Official Washington is fuming over Russia’s expanded military role in helping Syria fight the Islamic State and Al Qaeda (as if the U.S. has been doing such a crack job). Instead, the U.S. should retreat from the unpopular job of global policeman, says ex-CIA official Graham E. Fuller.

September 24, 2015
By Graham E. Fuller
Consortiumnews.com

Washington has jealously guarded the role of global policeman for over half a century. But is the game still worth the candle?

World War II left no power standing other than the United States. Washington was in a unique position to lead “the free world” against the Soviet Union in the Cold War. But after the collapse of the USSR in 1991, the U.S. found its true moment in the sun, perceiving its new emergence as the “sole global superpower.”

A U.S. Army soldier provides security at a school in Farah City, Afghanistan, on Aug. 1, 2012. (Photo credit: U.S. Navy Lt. Benjamin Addison)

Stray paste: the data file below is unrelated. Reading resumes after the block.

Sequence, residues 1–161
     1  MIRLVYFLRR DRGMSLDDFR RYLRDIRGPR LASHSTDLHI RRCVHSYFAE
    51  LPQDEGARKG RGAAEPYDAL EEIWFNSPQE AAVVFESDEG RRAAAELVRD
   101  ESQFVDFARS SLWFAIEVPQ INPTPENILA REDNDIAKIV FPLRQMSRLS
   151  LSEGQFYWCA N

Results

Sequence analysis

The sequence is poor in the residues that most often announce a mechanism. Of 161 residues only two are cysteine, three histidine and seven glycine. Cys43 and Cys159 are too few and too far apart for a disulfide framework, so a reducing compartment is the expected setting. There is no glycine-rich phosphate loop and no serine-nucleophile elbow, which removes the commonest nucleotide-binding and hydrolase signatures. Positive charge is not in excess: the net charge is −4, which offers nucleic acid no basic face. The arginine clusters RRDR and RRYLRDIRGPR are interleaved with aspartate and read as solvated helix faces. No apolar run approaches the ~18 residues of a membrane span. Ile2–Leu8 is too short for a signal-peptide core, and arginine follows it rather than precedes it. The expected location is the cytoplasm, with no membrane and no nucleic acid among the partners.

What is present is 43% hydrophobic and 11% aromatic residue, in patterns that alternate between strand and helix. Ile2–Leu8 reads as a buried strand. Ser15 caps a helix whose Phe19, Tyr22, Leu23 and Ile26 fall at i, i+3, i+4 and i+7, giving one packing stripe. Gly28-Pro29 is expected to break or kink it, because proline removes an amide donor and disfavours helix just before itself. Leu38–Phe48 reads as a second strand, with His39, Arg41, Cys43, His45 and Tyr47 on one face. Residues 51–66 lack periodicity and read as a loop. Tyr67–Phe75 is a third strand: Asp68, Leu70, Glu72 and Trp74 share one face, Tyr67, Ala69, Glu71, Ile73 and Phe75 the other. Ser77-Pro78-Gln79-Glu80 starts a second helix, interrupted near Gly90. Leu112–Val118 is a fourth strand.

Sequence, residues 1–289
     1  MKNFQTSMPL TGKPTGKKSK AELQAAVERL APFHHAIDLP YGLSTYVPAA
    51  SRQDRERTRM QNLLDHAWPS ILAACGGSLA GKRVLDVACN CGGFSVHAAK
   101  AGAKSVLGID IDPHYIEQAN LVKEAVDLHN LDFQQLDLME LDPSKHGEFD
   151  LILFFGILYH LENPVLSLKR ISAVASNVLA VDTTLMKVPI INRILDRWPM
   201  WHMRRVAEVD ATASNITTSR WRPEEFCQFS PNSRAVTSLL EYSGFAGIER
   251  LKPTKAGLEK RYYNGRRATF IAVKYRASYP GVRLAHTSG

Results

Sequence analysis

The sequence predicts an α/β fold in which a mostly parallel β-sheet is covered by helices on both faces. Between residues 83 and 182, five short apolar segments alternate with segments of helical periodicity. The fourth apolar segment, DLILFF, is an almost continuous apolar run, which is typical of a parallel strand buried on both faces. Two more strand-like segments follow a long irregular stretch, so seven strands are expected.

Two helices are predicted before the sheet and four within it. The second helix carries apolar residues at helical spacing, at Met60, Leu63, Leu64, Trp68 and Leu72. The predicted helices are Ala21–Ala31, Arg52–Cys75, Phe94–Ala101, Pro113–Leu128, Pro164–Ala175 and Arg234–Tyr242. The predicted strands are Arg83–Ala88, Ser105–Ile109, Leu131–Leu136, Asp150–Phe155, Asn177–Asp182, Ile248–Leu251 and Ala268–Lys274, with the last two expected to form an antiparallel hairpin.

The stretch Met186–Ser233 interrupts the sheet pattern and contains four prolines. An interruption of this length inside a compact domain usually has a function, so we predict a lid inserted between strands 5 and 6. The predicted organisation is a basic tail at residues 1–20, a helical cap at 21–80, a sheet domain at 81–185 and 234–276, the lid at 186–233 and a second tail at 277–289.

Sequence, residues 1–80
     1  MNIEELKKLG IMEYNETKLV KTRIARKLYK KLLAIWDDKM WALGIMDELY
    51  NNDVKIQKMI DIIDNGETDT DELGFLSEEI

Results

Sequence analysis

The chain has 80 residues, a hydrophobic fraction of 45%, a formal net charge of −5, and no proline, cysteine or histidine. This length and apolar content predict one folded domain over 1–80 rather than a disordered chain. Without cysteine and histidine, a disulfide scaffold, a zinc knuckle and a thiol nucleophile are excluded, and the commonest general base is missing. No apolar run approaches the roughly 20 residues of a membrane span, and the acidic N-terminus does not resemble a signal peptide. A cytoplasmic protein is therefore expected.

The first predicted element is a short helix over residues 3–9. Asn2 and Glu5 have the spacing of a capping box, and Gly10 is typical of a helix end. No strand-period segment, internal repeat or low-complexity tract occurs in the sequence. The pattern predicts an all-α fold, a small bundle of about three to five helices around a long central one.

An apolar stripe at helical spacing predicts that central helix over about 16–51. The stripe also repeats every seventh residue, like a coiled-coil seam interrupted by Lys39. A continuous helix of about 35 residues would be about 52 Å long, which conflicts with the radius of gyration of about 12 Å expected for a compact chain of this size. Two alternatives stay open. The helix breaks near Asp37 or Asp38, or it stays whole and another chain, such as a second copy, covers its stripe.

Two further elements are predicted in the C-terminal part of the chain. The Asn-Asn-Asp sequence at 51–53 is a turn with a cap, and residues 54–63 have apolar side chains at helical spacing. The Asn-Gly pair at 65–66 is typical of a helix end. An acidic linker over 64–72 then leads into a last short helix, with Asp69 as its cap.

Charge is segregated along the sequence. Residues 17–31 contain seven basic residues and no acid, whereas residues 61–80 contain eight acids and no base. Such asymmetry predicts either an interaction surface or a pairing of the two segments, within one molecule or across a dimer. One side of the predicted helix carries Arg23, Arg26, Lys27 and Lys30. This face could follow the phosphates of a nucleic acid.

Prestige, respect, economic and cultural “soft power” had all been originally vital complements to American military superpowermanship. But 9/11 eclipsed all that. In today’s world the U.S. has increasingly diverted its true national and international voice into the field of national security, where military means become the prime instrument of statesmanship and diplomacy. The State Department is now largely overwhelmed by the Pentagon in the formulation of foreign policy.

This militarization of American strategic vision emerges directly from possession of the overwhelmingly largest military machine in the world, supported by over 700 military bases scattered across the globe and the biggest military budget of all other competitors combined.

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